I have been teaching photography since 2009, and the most common question I receive from my students is, “What kind of camera should I buy?”
That is a loaded question, so I’ve decided to break up my blog into five different posts to address this question. This is Part 2 in the series on purchasing a new camera. Read Part 1 here.
Below are the five questions you should ask yourself:
- What is my budget?
- Should I buy a DSLR or a mirrorless camera?
- Should I buy a full-frame camera or one with a cropped sensor?
- Should I buy a used or new camera?
- What type of photography am I interested in?
This blog post will cover item 2: Should I buy a DSLR or a mirrorless camera?
There are three types of cameras:
- Point-and-shoot or phone cameras
Mirrorless cameras have caught the attention of many wedding and travel photographers due to their compact size. There are many advantages to the mirrorless system as well as disadvantages. The shopping experience for a new camera can be much less stressful and complicated if you learn and understand what these are.
Long story short, the mirrorless camera does not house a mirror like the DSLR camera, and because of this, the camera is smaller and easier to hold for long periods of time. I know many photographers who have sold their Nikon or Canon systems for a Panasonic Lumix or a Sony camera. Many experts within the industry project that the future of photography will be only mirrorless. I do not have a crystal ball, so I own both a DSLR (Canon 5d Mark 1V) and a mirrorless camera (Sony a6000). Which one do I like better? It depends on what I am photographing.
A couple years ago, I went to the Dominican Republic for a family vacation.
I was nervous to bring my expensive and bulky full-frame Canon camera. I purchased the Sony a6000 upon receiving many recommendations for it. It has all the same functionalities of a DSLR camera, such as selecting a shooting mode, adjusting white balance, ISO and picture style. The added bonus of this camera is the electronic viewfinder, where you can view the image live on the LCD rear screen. You can see the live result of increasing or decreasing the exposure, a live histogram, and any other adjustment made. I realized immediately that this was an incredible tool and a big advantage over a DSLR, where you can only see the final result after the picture is taken. With the EVF (electronic viewfinder) technology of a mirrorless camera, you can see the result before the picture is taken. On a traditional DSLR camera, the image in the lens comes through the camera and is bounced up into the viewfinder by a mirror and a prism. So what you see in the viewfinder is an actual, optical view of what the lens is capturing. There are no electronics in this process, much like if you were looking through binoculars. An EVF, however, is used on a mirrorless camera. On a mirrorless camera with an EVF, the light from the lens goes straight to the imaging sensor, which records the data and shows a preview of what the sensor captures on a tiny little TV screen viewfinder. It’s basically just a tiny version of the LCD screen on your camera when shooting in live view mode.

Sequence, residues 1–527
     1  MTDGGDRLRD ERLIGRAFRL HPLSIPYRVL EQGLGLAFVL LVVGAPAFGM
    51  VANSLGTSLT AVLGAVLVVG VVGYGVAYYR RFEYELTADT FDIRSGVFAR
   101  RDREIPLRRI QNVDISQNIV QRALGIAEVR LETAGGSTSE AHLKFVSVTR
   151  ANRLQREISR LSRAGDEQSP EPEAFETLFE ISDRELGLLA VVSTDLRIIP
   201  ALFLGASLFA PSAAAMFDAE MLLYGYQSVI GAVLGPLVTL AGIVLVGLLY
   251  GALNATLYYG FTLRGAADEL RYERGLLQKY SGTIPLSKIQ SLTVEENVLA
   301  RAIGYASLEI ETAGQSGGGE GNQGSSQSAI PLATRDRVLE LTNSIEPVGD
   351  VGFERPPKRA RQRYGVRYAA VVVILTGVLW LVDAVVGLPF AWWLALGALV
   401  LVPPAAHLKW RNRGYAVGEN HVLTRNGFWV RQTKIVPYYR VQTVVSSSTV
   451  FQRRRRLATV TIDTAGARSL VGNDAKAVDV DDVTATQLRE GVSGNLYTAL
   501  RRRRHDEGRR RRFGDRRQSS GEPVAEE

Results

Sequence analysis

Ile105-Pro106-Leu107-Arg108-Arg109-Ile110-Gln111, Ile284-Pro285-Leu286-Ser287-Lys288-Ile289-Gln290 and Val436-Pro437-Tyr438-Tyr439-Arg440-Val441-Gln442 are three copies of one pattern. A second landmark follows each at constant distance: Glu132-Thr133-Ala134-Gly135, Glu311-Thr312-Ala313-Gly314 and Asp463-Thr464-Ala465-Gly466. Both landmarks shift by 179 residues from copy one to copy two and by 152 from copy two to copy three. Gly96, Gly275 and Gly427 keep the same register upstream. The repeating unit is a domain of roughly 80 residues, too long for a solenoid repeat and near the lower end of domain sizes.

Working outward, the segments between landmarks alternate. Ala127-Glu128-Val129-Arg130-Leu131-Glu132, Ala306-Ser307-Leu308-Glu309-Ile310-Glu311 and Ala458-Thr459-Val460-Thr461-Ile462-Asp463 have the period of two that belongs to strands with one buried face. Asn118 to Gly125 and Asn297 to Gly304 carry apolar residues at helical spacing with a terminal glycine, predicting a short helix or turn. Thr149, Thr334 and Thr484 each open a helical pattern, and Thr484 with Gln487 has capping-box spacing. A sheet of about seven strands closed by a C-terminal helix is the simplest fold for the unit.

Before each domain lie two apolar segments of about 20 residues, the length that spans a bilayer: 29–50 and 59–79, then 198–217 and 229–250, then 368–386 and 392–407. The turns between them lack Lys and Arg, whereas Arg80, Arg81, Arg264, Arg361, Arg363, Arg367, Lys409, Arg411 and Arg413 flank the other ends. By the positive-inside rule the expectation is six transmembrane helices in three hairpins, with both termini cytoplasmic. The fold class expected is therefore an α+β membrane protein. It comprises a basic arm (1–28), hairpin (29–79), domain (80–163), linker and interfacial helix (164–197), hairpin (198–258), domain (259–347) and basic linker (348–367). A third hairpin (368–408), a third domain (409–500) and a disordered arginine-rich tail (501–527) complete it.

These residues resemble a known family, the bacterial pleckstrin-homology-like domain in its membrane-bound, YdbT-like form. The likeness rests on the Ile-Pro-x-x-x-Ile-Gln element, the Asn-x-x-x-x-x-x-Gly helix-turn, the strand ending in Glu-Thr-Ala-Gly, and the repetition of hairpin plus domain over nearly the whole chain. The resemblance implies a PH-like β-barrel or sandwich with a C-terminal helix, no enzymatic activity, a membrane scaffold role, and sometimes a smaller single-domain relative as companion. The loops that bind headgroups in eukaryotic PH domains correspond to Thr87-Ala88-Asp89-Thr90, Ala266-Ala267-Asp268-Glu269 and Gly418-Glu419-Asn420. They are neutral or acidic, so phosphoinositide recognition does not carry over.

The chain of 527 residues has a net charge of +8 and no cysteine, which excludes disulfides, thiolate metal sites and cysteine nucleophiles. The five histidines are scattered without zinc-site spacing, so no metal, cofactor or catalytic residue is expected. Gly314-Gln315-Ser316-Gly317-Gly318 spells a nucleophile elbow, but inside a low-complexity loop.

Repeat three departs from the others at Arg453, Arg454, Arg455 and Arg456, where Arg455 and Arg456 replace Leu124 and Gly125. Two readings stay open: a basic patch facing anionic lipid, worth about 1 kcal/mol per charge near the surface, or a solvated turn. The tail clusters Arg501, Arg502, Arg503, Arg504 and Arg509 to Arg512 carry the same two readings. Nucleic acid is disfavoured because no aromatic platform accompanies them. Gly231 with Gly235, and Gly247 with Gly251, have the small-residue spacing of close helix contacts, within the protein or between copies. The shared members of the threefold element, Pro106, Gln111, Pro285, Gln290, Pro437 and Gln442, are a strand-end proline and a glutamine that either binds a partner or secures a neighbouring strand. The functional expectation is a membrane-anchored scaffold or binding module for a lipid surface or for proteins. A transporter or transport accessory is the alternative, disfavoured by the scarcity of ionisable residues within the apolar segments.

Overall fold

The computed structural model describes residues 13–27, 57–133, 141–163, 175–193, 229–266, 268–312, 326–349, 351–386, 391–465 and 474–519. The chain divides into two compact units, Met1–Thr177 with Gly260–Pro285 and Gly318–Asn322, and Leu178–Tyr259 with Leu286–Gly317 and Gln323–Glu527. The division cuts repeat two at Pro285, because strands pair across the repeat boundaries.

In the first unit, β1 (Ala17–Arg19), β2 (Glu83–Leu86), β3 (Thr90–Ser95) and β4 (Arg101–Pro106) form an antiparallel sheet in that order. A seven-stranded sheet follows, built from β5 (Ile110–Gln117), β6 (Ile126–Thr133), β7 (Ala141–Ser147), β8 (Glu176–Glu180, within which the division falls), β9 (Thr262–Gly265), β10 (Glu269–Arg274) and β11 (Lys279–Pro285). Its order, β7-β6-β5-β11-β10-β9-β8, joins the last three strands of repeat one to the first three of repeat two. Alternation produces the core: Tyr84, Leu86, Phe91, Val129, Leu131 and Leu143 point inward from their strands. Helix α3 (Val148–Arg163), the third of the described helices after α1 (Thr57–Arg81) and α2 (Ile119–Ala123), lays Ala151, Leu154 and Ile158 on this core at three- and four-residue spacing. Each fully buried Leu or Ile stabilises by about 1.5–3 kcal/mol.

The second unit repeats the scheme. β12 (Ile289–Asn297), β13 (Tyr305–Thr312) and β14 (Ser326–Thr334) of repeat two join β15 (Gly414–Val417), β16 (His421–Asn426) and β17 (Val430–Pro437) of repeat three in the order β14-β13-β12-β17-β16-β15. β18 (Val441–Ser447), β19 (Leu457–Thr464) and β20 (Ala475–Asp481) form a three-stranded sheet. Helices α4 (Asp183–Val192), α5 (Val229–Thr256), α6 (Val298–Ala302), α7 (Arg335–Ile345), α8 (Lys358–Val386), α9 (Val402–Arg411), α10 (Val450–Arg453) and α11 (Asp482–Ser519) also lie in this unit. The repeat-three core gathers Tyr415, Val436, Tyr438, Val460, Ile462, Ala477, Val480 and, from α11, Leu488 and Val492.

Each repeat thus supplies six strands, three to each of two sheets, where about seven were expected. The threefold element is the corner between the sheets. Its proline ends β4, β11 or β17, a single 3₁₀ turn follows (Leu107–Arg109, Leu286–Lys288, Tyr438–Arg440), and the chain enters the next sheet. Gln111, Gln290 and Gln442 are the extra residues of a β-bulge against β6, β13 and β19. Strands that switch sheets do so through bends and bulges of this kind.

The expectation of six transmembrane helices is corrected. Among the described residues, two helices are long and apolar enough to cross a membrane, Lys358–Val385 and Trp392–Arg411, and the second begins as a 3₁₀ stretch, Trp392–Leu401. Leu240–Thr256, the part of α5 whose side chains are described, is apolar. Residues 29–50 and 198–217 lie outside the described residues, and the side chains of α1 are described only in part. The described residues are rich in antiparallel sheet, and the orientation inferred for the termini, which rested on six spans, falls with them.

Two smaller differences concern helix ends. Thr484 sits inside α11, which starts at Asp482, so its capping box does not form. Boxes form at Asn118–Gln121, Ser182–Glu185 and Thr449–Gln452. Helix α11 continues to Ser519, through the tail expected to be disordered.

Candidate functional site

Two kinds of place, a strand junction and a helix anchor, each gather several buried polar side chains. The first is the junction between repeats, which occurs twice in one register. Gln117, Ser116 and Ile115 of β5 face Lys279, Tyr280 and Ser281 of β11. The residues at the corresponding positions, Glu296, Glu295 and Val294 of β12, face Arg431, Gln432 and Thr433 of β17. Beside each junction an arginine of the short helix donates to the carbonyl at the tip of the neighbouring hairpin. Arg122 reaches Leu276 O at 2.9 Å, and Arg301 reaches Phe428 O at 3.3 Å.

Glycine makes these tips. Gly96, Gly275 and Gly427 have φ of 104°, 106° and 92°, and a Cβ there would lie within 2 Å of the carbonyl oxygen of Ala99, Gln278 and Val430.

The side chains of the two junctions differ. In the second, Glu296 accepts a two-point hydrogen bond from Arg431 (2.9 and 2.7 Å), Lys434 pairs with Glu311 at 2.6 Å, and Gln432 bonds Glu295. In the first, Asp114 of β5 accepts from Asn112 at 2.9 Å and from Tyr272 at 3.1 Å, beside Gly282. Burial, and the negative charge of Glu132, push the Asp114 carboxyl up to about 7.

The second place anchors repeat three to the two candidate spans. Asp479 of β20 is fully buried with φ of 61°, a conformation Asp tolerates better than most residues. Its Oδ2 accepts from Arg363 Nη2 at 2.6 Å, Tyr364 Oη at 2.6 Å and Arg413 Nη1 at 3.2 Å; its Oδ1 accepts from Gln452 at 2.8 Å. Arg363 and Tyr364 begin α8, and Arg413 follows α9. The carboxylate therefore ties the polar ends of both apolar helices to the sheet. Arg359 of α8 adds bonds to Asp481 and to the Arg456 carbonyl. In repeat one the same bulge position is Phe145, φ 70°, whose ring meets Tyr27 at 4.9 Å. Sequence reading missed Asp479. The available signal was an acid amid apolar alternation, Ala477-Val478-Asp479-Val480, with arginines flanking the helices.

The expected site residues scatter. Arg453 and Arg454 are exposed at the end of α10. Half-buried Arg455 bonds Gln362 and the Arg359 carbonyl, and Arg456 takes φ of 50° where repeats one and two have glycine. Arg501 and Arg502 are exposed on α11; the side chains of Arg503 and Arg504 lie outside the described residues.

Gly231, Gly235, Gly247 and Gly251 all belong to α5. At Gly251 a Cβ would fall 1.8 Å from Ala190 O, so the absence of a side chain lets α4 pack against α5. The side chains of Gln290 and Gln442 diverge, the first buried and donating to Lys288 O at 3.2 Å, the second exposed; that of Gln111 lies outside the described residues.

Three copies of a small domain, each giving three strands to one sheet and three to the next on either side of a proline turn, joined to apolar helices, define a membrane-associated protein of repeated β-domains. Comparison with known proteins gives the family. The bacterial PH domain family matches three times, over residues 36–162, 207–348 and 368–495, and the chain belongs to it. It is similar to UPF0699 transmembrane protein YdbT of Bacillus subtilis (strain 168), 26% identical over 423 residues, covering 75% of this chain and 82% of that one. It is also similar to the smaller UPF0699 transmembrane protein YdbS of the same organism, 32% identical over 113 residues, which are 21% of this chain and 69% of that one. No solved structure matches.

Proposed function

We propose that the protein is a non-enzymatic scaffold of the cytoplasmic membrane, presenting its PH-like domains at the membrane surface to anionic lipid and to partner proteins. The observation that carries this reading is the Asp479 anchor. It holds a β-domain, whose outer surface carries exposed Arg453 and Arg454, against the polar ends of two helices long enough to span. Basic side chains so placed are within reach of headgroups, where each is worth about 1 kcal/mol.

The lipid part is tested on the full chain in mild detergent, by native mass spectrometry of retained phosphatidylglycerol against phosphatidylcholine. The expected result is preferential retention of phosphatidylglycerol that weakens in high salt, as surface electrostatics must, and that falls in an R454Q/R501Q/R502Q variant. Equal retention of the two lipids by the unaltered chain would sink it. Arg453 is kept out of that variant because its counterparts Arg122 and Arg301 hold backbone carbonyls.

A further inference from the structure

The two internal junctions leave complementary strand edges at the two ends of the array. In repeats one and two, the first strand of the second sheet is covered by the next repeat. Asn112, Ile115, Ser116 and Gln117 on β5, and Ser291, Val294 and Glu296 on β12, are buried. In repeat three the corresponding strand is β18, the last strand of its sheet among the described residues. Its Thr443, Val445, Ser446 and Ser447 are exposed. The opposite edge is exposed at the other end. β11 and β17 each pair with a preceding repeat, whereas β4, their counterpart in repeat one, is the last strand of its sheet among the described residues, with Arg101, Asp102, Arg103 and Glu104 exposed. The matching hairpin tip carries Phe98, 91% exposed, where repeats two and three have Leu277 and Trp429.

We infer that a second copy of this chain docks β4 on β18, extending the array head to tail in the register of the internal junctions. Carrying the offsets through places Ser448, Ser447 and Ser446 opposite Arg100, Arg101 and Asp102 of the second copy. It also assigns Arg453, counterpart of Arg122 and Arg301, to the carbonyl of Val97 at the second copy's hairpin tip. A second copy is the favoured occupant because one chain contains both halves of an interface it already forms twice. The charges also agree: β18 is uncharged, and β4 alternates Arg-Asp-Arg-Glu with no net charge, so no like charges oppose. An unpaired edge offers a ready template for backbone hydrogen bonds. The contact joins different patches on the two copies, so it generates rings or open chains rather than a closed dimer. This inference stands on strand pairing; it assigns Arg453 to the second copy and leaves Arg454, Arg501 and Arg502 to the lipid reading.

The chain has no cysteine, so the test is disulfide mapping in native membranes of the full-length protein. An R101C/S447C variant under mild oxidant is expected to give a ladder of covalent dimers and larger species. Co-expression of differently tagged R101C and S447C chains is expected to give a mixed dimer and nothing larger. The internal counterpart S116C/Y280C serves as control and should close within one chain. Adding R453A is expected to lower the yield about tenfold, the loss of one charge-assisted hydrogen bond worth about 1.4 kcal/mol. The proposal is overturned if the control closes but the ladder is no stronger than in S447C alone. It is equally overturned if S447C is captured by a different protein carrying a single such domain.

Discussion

The other advantage that I loved was the fact that I could easily carry the camera with me wherever I went on the beach or on trips around the resort. I could even carry it in my purse. I created many awesome images that rival the images I could have created with my DSLR. What I couldn’t make was a full-frame photograph. Because of the smaller sensor size, there is more noise when using a high ISO. Like everything else, it is a trade-off.
There are disadvantages to a mirrorless camera vs. a DSLR camera, such as:
- less lens choices
- inferior video
- slower autofocus speed
- smaller image sensors
- shorter battery life
I use two cameras for my work and play. I use my full-frame Canon mainly for professional use in the studio and outdoors. I often have photography sessions close to dusk and have to shoot in higher ISOs. I can shoot at ISOs up to 1600 without much noise on my Canon camera. I use my Sony a6000 for travel and short excursions. Day-time shots are fabulous when you can use a low ISO. Often times, I carry both cameras with me so I don’t have to change lenses. I realize that is a luxury most people cannot afford; therefore, I recommend you learn more about the mirrorless system before you make a decision. You can rent a camera for a week for as little as $100.
Your decision should be based on what is appropriate for you.
I always believe in making educated decisions, so do your research. There are many articles on the topic. My favorites are:
Mirrorless cameras are becoming more popular and sophisticated, and by this time next year, there will be more improved models on the market. I predict that more and more photographers will be opting for a mirrorless camera over a DSLR.